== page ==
By these estimates, Australia's net immigration is negative with every country in the world, except for a small positive immigration balance with Sudan. Australia is the only country in the world to have significant positive net immigration with the US.

United States


Last month, I posted a map visualizing 200 years of US immigration (inflows only). I would have liked to do the same with US emigration, which may be the more interesting direction since it is not nearly as well known. Unfortunately the US does not keep good emigration records and the best data I've managed to find goes back only a few decades. So, I don't foresee being able to make a historical US emigration map.

Still, I think it's pretty interesting to see what US net immigration flows look like in the present.

As mentioned above, according to these estimates, the US has significant positive net immigration with only one other country, Australia. The country with which the US has the largest negative net immigration is, perhaps unsurprisingly, Mexico. Though the amount by which Mexico leads is down substantially compared to a decade ago. Illegal immigration in particular has fallen off sharply, as demonstrated by this time series of border apprehensions from Pew Research.

2016-06-30-1467268024-6793490-FT_16.04.13_apprehensions_USborder.png

When US immigration is viewed by region, the area that really stands out is Asia, which now accounts for just as much US immigration as all of North + South America (Mexico included).

Immigration between the US and Mexico is particularly complex, since it involves both legal and illegal immigration as well as temporary laborers, deportations, and a large number of people living in immigration detention facilities. For that reason, America's true net migration with Mexico is uncertain, and may actually be much lower than what's shown here. If you believe Pew's estimates, net migration with Mexico is now actually negative: more people are migrating from the US to Mexico than vice versa.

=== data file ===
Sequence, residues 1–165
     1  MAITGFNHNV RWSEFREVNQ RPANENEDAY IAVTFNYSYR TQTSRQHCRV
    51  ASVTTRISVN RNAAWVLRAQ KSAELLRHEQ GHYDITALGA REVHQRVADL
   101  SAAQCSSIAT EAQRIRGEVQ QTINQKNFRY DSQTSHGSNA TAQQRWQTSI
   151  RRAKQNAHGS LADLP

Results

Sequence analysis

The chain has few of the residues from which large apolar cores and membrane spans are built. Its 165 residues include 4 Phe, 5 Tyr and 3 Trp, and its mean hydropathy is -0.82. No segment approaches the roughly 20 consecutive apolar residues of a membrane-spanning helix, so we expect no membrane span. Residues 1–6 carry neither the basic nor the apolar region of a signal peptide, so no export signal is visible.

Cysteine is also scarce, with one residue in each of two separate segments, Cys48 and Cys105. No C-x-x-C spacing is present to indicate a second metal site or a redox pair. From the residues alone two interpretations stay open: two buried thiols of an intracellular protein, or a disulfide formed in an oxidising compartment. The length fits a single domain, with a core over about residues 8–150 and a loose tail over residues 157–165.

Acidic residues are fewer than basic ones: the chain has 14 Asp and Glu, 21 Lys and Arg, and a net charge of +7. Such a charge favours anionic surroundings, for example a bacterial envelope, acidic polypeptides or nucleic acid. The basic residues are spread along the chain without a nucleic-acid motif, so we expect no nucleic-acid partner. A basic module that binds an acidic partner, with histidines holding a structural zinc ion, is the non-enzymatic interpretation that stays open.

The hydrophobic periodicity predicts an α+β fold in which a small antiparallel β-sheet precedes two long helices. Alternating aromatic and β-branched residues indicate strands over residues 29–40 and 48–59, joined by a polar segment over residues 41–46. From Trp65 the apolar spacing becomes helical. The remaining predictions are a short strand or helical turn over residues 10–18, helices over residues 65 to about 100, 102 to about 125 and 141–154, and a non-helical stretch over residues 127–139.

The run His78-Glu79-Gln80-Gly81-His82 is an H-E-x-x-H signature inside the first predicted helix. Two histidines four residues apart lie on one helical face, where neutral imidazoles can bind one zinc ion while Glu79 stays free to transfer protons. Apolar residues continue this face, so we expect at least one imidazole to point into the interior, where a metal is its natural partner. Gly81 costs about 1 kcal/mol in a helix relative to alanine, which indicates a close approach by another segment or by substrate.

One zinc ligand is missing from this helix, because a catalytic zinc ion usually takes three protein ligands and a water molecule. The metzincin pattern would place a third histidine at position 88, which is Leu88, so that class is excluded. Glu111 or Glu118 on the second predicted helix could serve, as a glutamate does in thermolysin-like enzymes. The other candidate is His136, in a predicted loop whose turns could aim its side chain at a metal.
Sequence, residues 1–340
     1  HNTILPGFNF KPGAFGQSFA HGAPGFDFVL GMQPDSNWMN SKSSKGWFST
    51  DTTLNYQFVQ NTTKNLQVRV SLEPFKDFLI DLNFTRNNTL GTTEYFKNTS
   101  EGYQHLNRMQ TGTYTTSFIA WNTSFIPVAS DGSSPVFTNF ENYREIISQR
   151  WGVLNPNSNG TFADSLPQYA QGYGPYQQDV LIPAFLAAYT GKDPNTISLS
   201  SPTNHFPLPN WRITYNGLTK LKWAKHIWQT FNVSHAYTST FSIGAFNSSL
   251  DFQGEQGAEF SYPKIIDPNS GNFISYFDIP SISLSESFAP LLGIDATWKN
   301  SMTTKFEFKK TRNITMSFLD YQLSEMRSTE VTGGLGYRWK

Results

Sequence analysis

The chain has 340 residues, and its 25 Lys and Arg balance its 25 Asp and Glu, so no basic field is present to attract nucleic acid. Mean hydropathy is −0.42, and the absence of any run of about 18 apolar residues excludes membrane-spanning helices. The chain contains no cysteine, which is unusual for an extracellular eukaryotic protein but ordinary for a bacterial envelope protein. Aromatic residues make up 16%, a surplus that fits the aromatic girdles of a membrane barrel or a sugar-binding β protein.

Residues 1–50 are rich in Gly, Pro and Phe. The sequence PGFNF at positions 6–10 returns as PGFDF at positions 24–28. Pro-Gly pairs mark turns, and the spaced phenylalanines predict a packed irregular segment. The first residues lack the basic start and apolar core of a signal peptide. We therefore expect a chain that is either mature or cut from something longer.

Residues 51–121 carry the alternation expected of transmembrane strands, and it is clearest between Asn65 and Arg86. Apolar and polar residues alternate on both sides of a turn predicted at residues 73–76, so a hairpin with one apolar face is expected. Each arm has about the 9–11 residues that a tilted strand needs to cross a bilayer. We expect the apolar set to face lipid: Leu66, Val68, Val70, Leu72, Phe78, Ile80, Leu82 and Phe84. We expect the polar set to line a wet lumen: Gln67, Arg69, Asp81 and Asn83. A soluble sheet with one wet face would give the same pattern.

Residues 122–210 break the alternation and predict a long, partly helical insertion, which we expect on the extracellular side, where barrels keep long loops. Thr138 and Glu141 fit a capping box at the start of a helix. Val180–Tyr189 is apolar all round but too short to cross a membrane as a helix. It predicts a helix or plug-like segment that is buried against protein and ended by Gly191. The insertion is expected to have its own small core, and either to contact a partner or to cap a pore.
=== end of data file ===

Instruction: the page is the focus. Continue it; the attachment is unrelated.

Regardless of where you stand politically on immigration, you have to admit, it's pretty strange how rarely basic stats like these enter the debate. For all the discussion in the US about border fences and immigration limits, the simple question of "how many immigrants are there?" hardly ever even comes up.

Credit

The data for this map comes from the UN Population Division's estimates for Total Migrant Stock -- the number of global migrants, broken down by country of residence and country of origin. The numbers are not fully consistent. In some cases, they represent foreign citizens and in others they represent foreign born. See the dataset itself for the full set of footnotes.

To convert those figures into immigration estimates, I took the difference between the migrant stock in 2015 and that in 2010. Since some of that difference is due to mortality, not immigration, I adjusted the 2010 numbers down assuming an annual mortality rate of 0.8%, the global average.

The map was made in Javascript using D3, three.js, and MapboxGL.

This post originally appeared on Metrocosm